Articles in the Architecture Category
Architecture, Art, Featured, Regionalism, Rust Belt Blogs, The Big Urban Photography Project, The Media »
Rust Wire is proud to present The Big Urban Photography Project art show, featuring photographic interpretations of Rust Belt cities as seen through the eyes of their young residents. The show is the result of a multi-year collaborative media project that called on the region’s best documentary and fine arts photographers.
Over two years, we asked for open submissions of photography highlighting the unique blend of despair and hope in a number of cities. Dozens of amateur and professional photographers submitted images of Detroit, Youngstown, Cleveland, Pittsburgh, St. Louis, Chicago, Grand …
Architecture, Art, Featured, Good Ideas, The Media »
The Buffalo News reports The Travel Channel will feature Buffalo this summer in an hour-long show that has yet to be named.
The show’s host told the paper:
“It kind of awes me that much of the country, like myself, is in the dark as far as what Buffalo means in the evolution of the United States. Buffalo was such a profound part of this nation. If I can do a television show that has any part in teaching that, that’s terrific.”
The series features places that are off-limits …
Architecture, Art, Crime, Featured, Race Relations, Real Estate, The Media, Urban Planning »
Editor’s note: Our faithful readers will note we recently featured a short post with a trailer and some information about a new documentary, The Pruitt-Igoe Myth, which deals with an infamous public housing complex in St. Louis, built in the 1950s and torn down in 1972.
The film’s director, Chad Freidrichs, recently spoke with Rust Wire about this myth and the film it inspired.
Watch the trailer for the movie here. Check out its Flickr page, with great historical photos here. Read more about the complex and its history here.
Architecture, Urban Planning »
St. Louis’ notorious Pruitt-Igoe housing project is memorialized in a documentary that will premier this weekend at the Oxford, Mississippi Film Festival.
The documentary explores the famous housing project’s celebrated beginnings and spectacular unraveling, set against the background of a city following a similar trajectory.
The Pruitt-Igoe Myth: an Urban History – Film Trailer from the Pruitt-Igoe Myth on Vimeo.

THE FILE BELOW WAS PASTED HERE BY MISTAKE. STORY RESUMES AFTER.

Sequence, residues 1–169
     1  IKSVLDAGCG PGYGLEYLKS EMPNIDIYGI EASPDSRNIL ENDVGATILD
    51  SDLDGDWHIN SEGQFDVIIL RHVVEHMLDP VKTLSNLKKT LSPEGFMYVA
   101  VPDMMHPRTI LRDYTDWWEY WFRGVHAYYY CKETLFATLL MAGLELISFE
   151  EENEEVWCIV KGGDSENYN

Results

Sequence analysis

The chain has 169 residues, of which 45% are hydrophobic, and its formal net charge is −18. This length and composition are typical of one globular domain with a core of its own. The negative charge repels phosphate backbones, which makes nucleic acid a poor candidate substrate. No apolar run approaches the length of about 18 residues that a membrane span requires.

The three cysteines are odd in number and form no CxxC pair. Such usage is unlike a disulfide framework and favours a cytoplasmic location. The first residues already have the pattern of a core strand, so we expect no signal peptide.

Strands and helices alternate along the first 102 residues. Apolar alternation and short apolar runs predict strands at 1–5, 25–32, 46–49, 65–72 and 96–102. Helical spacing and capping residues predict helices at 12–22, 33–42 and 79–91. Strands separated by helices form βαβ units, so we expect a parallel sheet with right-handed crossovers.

A few words from the creators:
The Pruitt-Igoe Myth tells the story of the transformation of the American city in the decades after World War II, through the lens of the infamous Pruitt-Igoe housing …
These photos were taken by Nate Schneekloth, a Buffalo resident and amateur photographer.
In his own words: Photographs taken while touring the Marine A, Perot and American/Peavy grain elevators along the Buffalo River in Buffalo, New York. My mother is a great fan & champion for preserving & restoring these architectural giants. I was lucky enough to be able to tag along as she brought a few colleagues through the buildings.
I recently read an article about these elevators, written be Ed Glaeser–Harvard economist and Buffalo nemesis.
In the article, Glaeser holds up the elevators a symbol of Buffalo’s once mighty economy …
Architecture, Art, Education, Good Ideas, Headline »
Take a look at the pieces created by Buffalo artist Dennis Maher using materials salvaged from demolished buildings.
The Baltimore native came to Buffalo eight years ago and finds the city to be a very inspiring place, he said in an interview with Rust Wire.
“There are very few places where I could do the kind of work I’m doing here,” working with debris, Maher said.
When he first came to Buffalo, he worked on a demolition crew to earn extra income.
His interest in demolition has different aspects, he said: the physicality of it, the political aspect of it as a development strategy, and as a process of erasure.
Architecture, Featured »
Architecture, Headline, Rust Belt Blogs, Urban Planning »
This nice thing about blogging is that sometimes, people say exactly what you have been thinking, only they say it much more beautifully than you ever could.
So I have to thank Dotage St. Louis for writing this sorrowful and balanced post on demolition–or more specifically one Rust Belt city’s complicated relationship with destruction.
The author, Matt M., starts with a comparison of Baltimore and St. Louis:
I got to thinking: how has Baltimore not torn out more of these rows and created park space or built new housing or just left them fallow, waiting for a time when investment would bring something new?
Architecture, Art, Featured, Good Ideas, The Media, Urban Planning »
Architecture, Art, Good Ideas, The Environment, The Media, Urban Planning »
Clevelanders: This sounds like a great film screening to attend- The Olmsted Legacy: a film about Frederick Law Olmsted and America’s great city parks.
Lots of people know Olmsted as the landscape architect of New York’s Central Park, but he designed nearly 100 public parks in his lifetime.
You likely have even been in a park he designed – in any one of Buffalo’s system of parks, Belle Isle Park in Detroit, as well as parks in Chicago, Milwaukee, Dayton and Scranton.
“The parks, he held, were to be vital democratic spaces in …